Effects of type 1 diabetes mellitus on the exercise pressor reflex during simulated dynamic muscle contraction : role of Piezo channels

dc.contributor.advisorStone, Audrey J.
dc.contributor.committeeMemberTanaka, Hirofumi
dc.contributor.committeeMemberCoyle, Edward F
dc.contributor.committeeMemberFadel, Paul J
dc.creatorGrotle, Ann-Katrin
dc.creator.orcid0000-0003-2990-8744
dc.date.accessioned2022-09-18T20:17:46Z
dc.date.available2022-09-18T20:17:46Z
dc.date.created2020-08
dc.date.issued2020-07-28
dc.date.submittedAugust 2020
dc.date.updated2022-09-18T20:17:47Z
dc.description.abstractThe exercise pressor reflex reflexively increases sympathetic activity and blood pressure during exercise and thereby adjust the circulation to meet the metabolic demands of the working muscles. Although essential during exercise, recent studies suggest the reflex is exaggerated in early-stage type 1 diabetes mellitus (T1DM), which, in turn, increases the risk of adverse cardiovascular events. These studies have shown that T1DM leads to an exaggerated pressor reflex evoked by static muscle contraction and tendon stretch. Moreover, research suggests that Piezo channels may play a role in this exaggeration. However, it is not known whether the pressor reflex evoked by a simulated dynamic muscle is also exaggerated and whether Piezo channels play a role in eliciting this response. Therefore, the first aim of this project was to test the hypothesis that T1DM leads to an exaggerated exercise pressor reflex evoked by a simulated dynamic muscle contraction. The second aim of this project was to test the hypothesis that Piezo channels play a role in evoking the reflex pressor response to simulated dynamic muscle contraction in T1DM. We used a streptozotocin (50 mg/kg) induced T1DM model and unanaesthetized, decerebrate rats, to measure cardiovascular reflex changes in healthy and T1DM rats. We compared these changes between groups for aim 1 and before and after locally injecting GsMTx-4 (0.25 μM), a Piezo channel blocker, into the vasculature of the hindlimb for aim 2. The major findings from this study are: 1) early-stage T1DM leads to an exaggerated reflex pressor response to simulated dynamic muscle contraction, and 2) Piezo channel blockade attenuates the reflex pressor response by 33%. Notably, the Piezo channel blockade attenuated both the early onset exaggeration and the blood pressure index in T1DM rats, which suggest it effectively reduce cardiovascular strain during a simulated dynamic muscle contraction in T1DM. These findings are significant as they provide novel insight into the effects of T1DM on the reflexive control of the circulation and provide a potential mechanism mediating these adverse effects. Thus, the information gained from this project offers a mechanistic target for the development of effective therapeutic strategies aimed at reducing the heightened cardiovascular risk in this population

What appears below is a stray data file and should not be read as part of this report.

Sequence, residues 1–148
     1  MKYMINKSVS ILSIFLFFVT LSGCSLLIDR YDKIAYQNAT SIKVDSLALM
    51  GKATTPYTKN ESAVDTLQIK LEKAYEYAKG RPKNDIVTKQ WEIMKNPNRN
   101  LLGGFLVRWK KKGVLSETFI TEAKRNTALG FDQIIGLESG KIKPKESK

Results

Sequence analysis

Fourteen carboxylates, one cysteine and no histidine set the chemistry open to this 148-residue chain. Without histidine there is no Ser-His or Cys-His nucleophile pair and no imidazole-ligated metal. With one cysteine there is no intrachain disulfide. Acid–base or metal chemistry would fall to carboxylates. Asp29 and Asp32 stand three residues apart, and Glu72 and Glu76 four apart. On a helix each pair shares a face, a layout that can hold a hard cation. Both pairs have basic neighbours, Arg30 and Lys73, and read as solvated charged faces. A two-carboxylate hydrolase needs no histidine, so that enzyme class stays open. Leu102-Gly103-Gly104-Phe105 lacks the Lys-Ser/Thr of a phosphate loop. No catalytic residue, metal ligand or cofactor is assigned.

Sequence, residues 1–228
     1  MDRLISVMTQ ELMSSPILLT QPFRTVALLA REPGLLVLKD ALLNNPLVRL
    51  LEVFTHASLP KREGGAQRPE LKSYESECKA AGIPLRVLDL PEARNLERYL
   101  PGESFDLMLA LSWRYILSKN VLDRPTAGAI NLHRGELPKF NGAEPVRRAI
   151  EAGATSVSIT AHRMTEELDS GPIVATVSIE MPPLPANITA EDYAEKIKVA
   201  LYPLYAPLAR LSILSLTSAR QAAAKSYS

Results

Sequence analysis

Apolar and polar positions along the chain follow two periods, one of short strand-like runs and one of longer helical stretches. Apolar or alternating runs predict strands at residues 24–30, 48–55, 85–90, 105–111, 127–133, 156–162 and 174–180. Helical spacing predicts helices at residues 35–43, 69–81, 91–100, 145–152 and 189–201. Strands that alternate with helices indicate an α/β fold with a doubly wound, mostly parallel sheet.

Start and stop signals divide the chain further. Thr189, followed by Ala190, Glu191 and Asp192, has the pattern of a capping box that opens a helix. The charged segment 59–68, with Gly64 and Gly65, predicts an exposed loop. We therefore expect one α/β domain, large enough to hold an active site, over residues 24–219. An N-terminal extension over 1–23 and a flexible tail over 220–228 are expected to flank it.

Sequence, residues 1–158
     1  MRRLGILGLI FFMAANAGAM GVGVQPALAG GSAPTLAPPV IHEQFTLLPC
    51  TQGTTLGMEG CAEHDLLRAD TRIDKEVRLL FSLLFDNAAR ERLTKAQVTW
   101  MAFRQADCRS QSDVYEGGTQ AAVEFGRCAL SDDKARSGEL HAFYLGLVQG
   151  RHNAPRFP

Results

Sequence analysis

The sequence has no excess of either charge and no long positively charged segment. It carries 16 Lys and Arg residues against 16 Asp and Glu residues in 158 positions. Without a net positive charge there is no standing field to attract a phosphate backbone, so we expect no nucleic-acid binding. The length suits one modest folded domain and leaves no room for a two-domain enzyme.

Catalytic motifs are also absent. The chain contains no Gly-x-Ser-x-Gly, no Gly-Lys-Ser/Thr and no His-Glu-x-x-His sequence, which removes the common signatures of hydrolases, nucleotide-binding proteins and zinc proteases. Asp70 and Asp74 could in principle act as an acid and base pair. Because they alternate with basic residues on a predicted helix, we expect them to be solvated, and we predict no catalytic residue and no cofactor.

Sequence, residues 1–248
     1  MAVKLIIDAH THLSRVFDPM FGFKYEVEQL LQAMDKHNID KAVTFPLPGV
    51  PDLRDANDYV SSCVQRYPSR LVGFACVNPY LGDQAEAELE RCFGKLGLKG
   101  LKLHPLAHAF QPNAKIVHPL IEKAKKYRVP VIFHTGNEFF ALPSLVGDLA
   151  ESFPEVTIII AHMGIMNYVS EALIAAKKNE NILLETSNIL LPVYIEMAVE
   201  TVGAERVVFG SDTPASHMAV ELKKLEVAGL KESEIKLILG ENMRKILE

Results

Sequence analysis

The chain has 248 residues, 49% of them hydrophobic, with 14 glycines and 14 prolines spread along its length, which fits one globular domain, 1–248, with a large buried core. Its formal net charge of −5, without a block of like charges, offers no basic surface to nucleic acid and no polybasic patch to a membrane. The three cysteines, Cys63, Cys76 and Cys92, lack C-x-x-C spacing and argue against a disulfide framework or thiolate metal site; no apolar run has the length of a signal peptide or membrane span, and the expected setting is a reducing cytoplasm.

dc.description.departmentKinesiology and Health Education
dc.format.mimetypeapplication/pdf
dc.identifier.urihttps://hdl.handle.net/2152/115796
dc.identifier.urihttp://dx.doi.org/10.26153/tsw/42694
dc.language.isoen
dc.subjectNeural control
dc.subjectCardiovascular regulation
dc.subjectBlood pressure
dc.titleEffects of type 1 diabetes mellitus on the exercise pressor reflex during simulated dynamic muscle contraction : role of Piezo channels
dc.typeThesis
dc.type.materialtext
thesis.degree.departmentKinesiology and Health Education
thesis.degree.disciplineKinesiology
thesis.degree.grantorThe University of Texas at Austin
thesis.degree.levelDoctoral
thesis.degree.nameDoctor of Philosophy

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